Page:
Learn to Give a Compliment
It’s really difficult to be hard on yourself when you are lifting someone else up. When you take the time to really compliment or encourage someone else, your whole demeanor changes. Your tone becomes brighter. Your words become lighter. Your thoughts are focused on positive, loving ideas rather than cutting, critical ones. But learn to compliment well. Go deep with those you love. Write an encouraging text or note. Drop flowers off at someone’s house, just cuz. Remove your focus from yourself and tell someone you love why you love them. Put yourself in their shoes for a minute. What do they stay up at night worrying about? Where do their thoughts wander when they are daydreaming? What insecurities might be lurking in their dark corners? Put some thought into the character of the person you love and then let them know how those deep dark thoughts are nothing but lies. If they have kids, tell them how amazing their kids really are. My child is my greatest accomplishment and my biggest insecurity. When someone I love tells me how much they love my kid, it makes my heart sing. Be specific with your words and leave that person you love feeling not only complimented, but truly known and loved. It will make a difference in the way you approach your own insecurities and flaws, I promise.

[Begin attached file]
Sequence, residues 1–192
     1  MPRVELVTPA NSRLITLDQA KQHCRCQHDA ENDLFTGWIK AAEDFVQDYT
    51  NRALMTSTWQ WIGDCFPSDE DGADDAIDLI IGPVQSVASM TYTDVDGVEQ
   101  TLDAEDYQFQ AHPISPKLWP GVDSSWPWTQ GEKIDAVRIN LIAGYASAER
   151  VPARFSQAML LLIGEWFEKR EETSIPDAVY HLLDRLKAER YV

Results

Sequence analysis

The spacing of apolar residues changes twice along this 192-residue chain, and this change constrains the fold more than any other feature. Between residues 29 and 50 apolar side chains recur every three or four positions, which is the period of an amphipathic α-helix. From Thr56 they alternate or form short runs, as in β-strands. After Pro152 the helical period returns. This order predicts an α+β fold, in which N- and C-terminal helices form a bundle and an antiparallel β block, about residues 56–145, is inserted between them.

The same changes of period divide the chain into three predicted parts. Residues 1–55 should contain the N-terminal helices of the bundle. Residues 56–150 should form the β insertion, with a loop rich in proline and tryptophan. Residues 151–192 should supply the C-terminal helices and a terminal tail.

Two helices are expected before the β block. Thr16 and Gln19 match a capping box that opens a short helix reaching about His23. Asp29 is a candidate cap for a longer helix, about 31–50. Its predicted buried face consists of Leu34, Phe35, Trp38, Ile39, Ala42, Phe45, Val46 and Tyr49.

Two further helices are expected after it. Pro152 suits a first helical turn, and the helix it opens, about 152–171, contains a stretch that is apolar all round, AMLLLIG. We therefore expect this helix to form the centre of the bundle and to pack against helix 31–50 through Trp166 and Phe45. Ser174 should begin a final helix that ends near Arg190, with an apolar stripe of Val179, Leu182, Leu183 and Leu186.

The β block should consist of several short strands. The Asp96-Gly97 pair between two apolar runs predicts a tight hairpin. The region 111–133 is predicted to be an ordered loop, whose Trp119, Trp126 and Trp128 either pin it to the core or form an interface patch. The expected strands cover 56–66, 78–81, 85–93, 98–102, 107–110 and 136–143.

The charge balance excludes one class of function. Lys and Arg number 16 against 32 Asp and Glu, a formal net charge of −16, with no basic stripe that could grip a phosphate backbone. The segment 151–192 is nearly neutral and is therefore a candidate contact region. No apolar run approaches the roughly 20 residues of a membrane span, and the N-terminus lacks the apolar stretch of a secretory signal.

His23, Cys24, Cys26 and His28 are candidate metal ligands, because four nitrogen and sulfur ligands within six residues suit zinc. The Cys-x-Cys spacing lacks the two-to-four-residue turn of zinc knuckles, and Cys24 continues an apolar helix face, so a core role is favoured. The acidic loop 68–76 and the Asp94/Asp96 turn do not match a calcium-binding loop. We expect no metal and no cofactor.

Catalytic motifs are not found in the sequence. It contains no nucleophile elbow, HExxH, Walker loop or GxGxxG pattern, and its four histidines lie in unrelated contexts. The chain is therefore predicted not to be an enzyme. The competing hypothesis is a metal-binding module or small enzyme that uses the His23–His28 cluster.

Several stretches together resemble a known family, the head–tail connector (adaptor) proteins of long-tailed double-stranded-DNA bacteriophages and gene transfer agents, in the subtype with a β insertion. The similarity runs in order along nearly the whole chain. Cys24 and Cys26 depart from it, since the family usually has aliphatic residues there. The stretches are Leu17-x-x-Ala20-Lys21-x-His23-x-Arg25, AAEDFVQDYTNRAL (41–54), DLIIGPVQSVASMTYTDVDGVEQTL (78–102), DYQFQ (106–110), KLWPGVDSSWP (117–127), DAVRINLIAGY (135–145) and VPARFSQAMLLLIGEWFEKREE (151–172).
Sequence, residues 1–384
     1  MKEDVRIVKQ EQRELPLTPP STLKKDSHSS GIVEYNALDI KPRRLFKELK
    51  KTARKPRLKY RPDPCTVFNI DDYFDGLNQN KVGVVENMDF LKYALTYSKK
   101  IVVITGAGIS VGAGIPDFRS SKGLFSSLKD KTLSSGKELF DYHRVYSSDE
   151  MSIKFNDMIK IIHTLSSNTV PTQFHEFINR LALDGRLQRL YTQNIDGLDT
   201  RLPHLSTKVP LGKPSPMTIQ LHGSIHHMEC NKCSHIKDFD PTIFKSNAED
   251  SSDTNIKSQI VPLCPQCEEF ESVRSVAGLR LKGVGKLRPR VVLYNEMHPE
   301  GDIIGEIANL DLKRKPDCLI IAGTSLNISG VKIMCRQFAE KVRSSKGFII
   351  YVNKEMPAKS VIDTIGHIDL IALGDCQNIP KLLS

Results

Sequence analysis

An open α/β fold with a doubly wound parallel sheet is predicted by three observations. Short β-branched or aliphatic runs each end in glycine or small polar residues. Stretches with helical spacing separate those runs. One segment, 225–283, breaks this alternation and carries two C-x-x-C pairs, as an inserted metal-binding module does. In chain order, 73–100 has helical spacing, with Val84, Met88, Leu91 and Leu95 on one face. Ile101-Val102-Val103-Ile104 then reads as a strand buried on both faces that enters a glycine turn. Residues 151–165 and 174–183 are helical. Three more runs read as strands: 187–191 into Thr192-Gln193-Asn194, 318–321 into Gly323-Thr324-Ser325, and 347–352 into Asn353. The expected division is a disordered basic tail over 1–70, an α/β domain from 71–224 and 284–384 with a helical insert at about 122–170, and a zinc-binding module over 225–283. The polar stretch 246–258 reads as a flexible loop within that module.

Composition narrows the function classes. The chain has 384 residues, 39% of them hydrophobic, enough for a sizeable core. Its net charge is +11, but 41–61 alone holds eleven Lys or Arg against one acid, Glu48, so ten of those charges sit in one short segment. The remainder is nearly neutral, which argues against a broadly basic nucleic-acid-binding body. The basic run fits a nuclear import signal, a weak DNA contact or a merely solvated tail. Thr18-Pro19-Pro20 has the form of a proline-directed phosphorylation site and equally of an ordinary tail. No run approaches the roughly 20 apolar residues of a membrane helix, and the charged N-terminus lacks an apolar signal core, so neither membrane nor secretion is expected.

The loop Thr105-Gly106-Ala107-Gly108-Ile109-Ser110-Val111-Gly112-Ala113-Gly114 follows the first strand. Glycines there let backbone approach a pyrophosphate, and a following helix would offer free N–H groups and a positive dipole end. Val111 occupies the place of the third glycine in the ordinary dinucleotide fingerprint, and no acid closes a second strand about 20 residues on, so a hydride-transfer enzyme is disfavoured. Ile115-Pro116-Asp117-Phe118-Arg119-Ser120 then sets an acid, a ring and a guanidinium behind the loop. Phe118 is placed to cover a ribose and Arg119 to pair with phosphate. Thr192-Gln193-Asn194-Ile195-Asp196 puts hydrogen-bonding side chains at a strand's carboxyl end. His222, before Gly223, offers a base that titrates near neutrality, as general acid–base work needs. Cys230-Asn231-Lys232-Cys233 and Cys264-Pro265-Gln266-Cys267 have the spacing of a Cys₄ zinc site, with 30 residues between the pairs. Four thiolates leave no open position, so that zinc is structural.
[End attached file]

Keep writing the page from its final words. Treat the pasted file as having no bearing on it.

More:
Learn to Take a Compliment